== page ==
I appear on “CTV News at 11:30” with anchor Andria Case to talk about the best movies and television to watch this weekend. This week I have a look at the new Pixar movie “Elemental,” the feel-good flick “Flamin’ Hot” on Disney+ and the true crime docuseries “Burden of Proof” on Crave.
I sit in for NewsTalk 1010 host Jim Richards on the coast-to-coast-to-coast late night “NewsTalk Tonight” to play the game “Did Richard Crouse Like This?” This week we talk about the need for speed in “The Flash,” the genre satire “The Blackening” and the new Pixar movie “Elemental.”
Watch as I review three movies in less time than it takes to tie your sneakers! Have a look as I race against the clock to tell you about the need for speed in “The Flash,” the genre satire “The Blackening” and the new Pixar movie “Elemental.”
I joined CP24 to have a look at new movies coming to VOD, streaming services and theatres. Today we talk about the need for speed in “The Flash,” the genre satire “The Blackening” and the new Pixar movie “Elemental.”
I sit in on the CFRA Ottawa morning show with host Bill Carroll to talk the new movies coming to theatres including the need for speed in “The Flash,” the genre satire “The Blackening” and the new Pixar movie “Elemental.”
“Elemental,” the new Pixar picture now playing in theatres, takes an old-fashioned love story and gives it a high-concept spin.
The setting is Element City, a metropolis divided into four distinct districts, one for every kind of the city’s anthropomorphized element residents. The fire people live in the Fire Land, there’s the Splash District for water people, the Terra District for land people, and the Breeze District for air people.
“Elemental” focusses on the Lumen family and their fiery daughter Ember (voice of Leah Lewis) who immigrated to Element City looking for a better life. The young flame is poised to take over the family’s Fire Land shop, a small convenience store with the slogan “We Flame to Please!”
“This shop is the dream of our family,” says patriarch Bernie Lumen (voice of Ronnie Del Carmen). “Someday it’ll all be yours!” Eager to please her parents, Ember feigns excitement at the prospect of running the shop, the family’s pride and joy.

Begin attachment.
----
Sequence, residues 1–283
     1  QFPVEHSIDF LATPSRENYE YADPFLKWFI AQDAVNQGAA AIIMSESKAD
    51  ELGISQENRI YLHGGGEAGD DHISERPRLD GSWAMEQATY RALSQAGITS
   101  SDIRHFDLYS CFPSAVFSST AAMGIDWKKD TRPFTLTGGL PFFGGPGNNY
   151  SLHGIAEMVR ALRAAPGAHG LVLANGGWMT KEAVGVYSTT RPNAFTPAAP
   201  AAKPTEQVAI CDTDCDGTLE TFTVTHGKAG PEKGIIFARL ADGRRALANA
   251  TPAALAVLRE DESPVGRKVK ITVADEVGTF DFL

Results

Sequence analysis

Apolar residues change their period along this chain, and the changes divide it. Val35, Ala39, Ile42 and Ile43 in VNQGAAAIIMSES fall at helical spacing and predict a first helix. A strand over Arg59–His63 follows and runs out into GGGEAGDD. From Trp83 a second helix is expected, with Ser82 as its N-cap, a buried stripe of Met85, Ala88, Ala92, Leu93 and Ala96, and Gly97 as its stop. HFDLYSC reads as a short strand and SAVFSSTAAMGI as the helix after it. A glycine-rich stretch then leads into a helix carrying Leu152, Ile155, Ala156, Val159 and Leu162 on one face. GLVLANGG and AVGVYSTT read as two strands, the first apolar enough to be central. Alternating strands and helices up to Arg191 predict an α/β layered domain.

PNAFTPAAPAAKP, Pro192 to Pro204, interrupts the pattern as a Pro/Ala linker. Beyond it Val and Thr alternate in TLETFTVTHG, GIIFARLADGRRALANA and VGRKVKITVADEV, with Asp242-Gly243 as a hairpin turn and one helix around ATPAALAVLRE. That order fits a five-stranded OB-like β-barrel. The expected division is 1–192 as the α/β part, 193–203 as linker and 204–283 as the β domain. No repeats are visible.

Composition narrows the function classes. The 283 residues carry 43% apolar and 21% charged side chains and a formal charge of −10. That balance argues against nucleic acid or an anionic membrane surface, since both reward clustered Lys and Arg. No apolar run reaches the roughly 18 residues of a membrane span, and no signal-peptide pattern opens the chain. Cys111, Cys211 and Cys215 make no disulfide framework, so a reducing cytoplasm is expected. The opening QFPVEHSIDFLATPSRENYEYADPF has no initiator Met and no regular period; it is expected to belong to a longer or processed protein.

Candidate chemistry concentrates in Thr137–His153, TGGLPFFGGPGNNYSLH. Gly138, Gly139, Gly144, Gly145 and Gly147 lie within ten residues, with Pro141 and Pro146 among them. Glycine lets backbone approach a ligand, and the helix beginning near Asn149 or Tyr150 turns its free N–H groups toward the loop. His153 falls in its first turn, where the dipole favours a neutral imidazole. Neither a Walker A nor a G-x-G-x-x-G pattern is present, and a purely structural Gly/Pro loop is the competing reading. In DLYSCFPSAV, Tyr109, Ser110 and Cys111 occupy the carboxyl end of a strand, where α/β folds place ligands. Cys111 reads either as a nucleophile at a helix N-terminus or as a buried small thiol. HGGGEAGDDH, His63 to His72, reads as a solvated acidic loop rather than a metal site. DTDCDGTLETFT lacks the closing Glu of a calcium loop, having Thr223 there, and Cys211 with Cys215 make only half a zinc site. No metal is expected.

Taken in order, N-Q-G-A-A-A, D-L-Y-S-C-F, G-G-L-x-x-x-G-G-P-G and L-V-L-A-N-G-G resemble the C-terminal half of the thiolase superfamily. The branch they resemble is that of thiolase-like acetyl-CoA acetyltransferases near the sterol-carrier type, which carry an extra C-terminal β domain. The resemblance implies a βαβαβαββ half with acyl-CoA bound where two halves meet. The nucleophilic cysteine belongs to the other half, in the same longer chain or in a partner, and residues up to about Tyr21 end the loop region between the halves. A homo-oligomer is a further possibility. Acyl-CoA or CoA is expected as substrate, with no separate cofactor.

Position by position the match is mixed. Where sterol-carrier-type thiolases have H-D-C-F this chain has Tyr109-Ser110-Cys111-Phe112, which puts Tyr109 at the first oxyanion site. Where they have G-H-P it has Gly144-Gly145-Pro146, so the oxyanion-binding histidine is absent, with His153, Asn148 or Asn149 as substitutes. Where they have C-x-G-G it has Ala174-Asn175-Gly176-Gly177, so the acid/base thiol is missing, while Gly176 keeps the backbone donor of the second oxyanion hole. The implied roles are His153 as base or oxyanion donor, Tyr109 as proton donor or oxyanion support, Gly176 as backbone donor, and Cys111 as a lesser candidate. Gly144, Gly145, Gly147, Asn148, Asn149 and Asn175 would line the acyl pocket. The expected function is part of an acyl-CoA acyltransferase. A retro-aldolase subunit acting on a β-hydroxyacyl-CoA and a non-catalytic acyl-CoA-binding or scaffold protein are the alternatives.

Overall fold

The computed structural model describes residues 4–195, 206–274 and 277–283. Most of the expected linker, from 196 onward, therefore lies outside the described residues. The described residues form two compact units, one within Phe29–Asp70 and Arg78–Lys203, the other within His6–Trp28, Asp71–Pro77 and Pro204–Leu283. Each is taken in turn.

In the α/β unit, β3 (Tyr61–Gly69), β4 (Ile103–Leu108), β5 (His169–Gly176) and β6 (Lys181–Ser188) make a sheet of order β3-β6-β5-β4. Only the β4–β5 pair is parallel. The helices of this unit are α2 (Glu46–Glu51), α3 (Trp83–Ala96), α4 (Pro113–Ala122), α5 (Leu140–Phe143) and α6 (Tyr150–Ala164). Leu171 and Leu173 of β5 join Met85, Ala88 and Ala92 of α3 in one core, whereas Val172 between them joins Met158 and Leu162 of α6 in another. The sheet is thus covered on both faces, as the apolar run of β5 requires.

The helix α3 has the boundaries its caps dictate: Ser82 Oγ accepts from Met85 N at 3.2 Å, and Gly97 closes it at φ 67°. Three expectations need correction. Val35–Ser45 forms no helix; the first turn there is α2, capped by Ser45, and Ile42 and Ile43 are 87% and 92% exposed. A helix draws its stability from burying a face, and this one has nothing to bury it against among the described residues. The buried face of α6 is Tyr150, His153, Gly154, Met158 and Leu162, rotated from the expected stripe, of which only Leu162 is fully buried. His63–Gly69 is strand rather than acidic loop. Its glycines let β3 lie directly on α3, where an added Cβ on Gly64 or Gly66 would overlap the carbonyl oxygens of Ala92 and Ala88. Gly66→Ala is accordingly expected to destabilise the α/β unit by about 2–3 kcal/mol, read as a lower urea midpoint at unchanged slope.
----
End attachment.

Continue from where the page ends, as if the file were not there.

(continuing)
“I’ve been trying to fill my father’s shoes,” she says, “but I was never asked what I want to do.”
As her hidden resentment grows, Ember becomes sullen and begins lashing out until she meets
Water person Wade Ripple (voice of Mamoudou Athie), who, as a youngster, was once stuck inside a sponge. Despite that trauma, he grew up to be a kind, laid-back guy who cries at the drop of a hat.
Ember has always thought that “elements don’t mix,” but when Wade comes into her life she learns that sometimes opposites do attract and that she can make her own decisions. “Why does anyone get to tell you what you can do in your life?” asks Wade.
“Elemental” has a big heart, but not big enough to justify the film’s feature length. A new spin on the star-crossed lovers genre, à la “Romeo and Juliet,” it is a simple tale of the heart wanting what the heart wants despite differences. Then there’s the “Guess Who’s Coming to Dinner” vibe between Wade and Bernie, which is clever but never quite ignites.
The vivid artwork is often spectacular, and provides many beautiful images, but the watered-down story does not equal the film’s visual impact.
Director Peter Sohn, who also helmed “The Good Dinosaur,” builds a new world and introduces other story elements, including immigration metaphors, references to racism and intolerance, but these aspects often feel tentative, more well-intentioned than effective.
Better is the relationship between Ember and her father. Sohn used personal experience to shape the story of a father’s expectation and deference to tradition, and how the weight of that affects Ember. Their connection feels authentic and grounds the action of the rest of the film.
Opening the show in theatres is “Carl’s Date,” a sweet natured short film featuring Carl Fredricksen (voice of Ed Asner) and his adorable talking dog, Dug (voice of Bob Peterson) of the much-loved film “Up.” It’s a funny, tightly scripted look at companionship that made me think, by the time the main feature was over, that “Elemental,” given its slight narrative, might have had more punch, and seemed less stretched, as a short.
“Elemental” is wonderfully crafted, but the formulaic story prevents it from sitting on the shelf alongside other Pixar greats like “Up,” WALL-E” or “Toy Story.”
Richard appears on “CTV News at 6” with anchor Andria Case to talk about the best movies and television to watch this weekend. This week he has a look at two movies starring guys named Chris, “Lightyear” with Chris Evans and “Spiderhead” with Chris Hewmsworth.